In fact it was here that the good, much-forgotten Klopstock dwelt, when he came home to live with a comfortable pension from the Danish government; and the pilgrims to the mistaken shrine went asking about among the neighbors in Konigstrasse, for some manner of house where Heine might have lived; they would have been willing to accept a flat, or any sort of two-pair back. The neighbors were somewhat moved by the anxiety of the strangers; but they were not so much moved as neighbors in Italy would have been. There vas no eager and smiling sympathy in the little crowd that gathered to see what was going on; they were patient of question and kind in their helpless response, but they were not gay. To a man they had not heard of Heine; even the owner of a sausage and blood-pudding shop across the way had not heard of him; the clerk of a stationer-and-bookseller's next to the butcher's had heard of him, but he had never heard that he lived in Konigstrasse; he never had heard where he lived in Hamburg.
The pilgrims to the fraudulent shrine got back into their carriage, and drove sadly away, instructing their driver with the rigidity which their limited German favored, not to let any house with a bust in its front escape him. He promised, and took his course out through Konigstrasse, and suddenly they found themselves in a world of such eld and quaintness that they forgot Heine as completely as any of his countrymen had done. They were in steep and narrow streets, that crooked and turned with no apparent purpose of leading anywhere, among houses that looked down upon them with an astonished stare from the leaden-sashed windows of their timber-laced gables. The facades with their lattices stretching in bands quite across them, and with their steep roofs climbing high in successions of blinking dormers, were more richly mediaeval than anything the travellers had ever dreamt of before, and they feasted themselves upon the unimagined picturesqueness with a leisurely minuteness which brought responsive gazers everywhere to the windows; windows were set ajar; shop doors were darkened by curious figures from within, and the traffic of the tortuous alleys was interrupted by their progress. They could not have said which delighted them more—the houses in the immediate foreground, or the sharp high gables in the perspectives and the background; but all were like the painted scenes of the stage, and they had a pleasant difficulty in realizing that they were not persons in some romantic drama.
The illusion remained with them and qualified the impression which Hamburg made by her much-trolleyed Bostonian effect; by the decorous activity and Parisian architecture of her business streets; by the turmoil of her quays, and the innumerable masts and chimneys of her shipping. At the heart of all was that quaintness, that picturesqueness of the past, which embodied the spirit of the old Hanseatic city, and seemed the expression of the home-side of her history. The sense of this gained strength from such slight study of her annals as they afterwards made, and assisted the digestion of some morsels of tough statistics. In the shadow of those Gothic houses the fact that Hamburg was one of the greatest coffee marts and money marts of the world had a romantic glamour; and the fact that in the four years from 1870 till 1874 a quarter of a million emigrants sailed on her ships for the United States seemed to stretch a nerve of kindred feeling from those mediaeval streets through the whole shabby length of Third Avenue.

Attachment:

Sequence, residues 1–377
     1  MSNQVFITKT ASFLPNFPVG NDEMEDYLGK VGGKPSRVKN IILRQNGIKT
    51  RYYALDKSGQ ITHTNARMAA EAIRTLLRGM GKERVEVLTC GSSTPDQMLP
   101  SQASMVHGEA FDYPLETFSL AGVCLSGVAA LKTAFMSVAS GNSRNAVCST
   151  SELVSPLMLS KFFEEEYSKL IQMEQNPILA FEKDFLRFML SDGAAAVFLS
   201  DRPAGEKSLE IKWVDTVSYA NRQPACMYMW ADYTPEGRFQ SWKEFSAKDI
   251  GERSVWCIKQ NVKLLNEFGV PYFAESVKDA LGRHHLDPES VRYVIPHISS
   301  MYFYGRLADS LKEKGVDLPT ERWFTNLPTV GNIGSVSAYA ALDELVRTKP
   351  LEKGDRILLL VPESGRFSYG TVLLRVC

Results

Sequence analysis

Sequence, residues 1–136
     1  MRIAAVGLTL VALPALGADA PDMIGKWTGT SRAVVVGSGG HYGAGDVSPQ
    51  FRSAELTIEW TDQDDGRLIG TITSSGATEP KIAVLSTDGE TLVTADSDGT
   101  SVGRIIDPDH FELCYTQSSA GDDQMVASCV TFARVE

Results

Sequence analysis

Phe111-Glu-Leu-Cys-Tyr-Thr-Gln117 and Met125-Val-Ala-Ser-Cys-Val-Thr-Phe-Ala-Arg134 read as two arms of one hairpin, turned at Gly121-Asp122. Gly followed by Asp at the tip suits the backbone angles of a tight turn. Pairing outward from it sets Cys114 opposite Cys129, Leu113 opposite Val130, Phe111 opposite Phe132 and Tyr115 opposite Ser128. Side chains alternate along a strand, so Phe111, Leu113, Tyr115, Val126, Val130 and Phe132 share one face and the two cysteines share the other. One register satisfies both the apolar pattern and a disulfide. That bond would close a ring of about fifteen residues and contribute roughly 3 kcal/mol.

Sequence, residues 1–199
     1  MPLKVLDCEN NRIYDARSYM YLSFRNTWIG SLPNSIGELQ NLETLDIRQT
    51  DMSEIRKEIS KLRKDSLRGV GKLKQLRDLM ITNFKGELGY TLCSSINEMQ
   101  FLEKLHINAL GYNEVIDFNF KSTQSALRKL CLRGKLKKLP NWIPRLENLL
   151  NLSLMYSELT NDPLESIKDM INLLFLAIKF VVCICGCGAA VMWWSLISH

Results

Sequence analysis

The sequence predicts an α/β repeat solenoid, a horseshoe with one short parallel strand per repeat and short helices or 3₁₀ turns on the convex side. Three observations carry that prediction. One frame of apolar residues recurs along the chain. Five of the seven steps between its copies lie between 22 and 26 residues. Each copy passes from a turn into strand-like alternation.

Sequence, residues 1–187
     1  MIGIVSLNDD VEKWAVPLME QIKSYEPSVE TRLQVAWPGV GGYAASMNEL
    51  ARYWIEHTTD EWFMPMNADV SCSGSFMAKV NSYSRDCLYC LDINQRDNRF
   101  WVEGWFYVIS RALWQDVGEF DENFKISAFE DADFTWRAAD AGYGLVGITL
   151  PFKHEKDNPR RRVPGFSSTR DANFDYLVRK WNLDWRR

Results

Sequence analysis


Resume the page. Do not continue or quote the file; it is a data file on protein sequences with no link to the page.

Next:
It was perhaps in this glamour, or this feeling of commercial solidarity, that March went to have a look at the Hamburg Bourse, in the beautiful new Rathhaus. It was not undergoing repairs, it was too new for that; but it was in construction, and so it fulfilled the function of a public edifice, in withholding its entire interest from the stranger. He could not get into the Senate Chamber; but the Bourse was free to him, and when he stepped within, it rose at him with a roar of voices and of feet like the New York Stock Exchange. The spectacle was not so frantic; people were not shaking their fists or fingers in each other's noses; but they were all wild in the tamer German way, and he was glad to mount from the Bourse to the poor little art gallery upstairs, and to shut out its clamor. He was not so glad when he looked round on these, his first, examples of modern German art. The custodian led him gently about and said which things were for sale, and it made his heart ache to see how bad they were, and to think that, bad as they were, he could not buy any of them.
In the start from Cuxhaven the passengers had the irresponsible ease of people ticketed through, and the steamship company had still the charge of their baggage. But when the Marches left Hamburg for Leipsic (where they had decided to break the long pull to Carlsbad), all the anxieties of European travel, dimly remembered from former European days, offered themselves for recognition. A porter vanished with their hand-baggage before they could note any trait in him for identification; other porters made away with their trunks; and the interpreter who helped March buy his tickets, with a vocabulary of strictly railroad English, had to help him find the pieces in the baggage-room, curiously estranged in a mountain of alien boxes. One official weighed them; another obliged him to pay as much in freight as for a third passenger, and gave him an illegible scrap of paper which recorded their number and destination. The interpreter and the porters took their fees with a professional effect of dissatisfaction, and he went to wait with his wife amidst the smoking and eating and drinking in the restaurant. They burst through with the rest when the doors were opened to the train, and followed a glimpse of the porter with their hand-bags, as he ran down the platform, still bent upon escaping them, and brought him to bay at last in a car where he had got very good seats for them, and sank into their places, hot and humiliated by their needless tumult.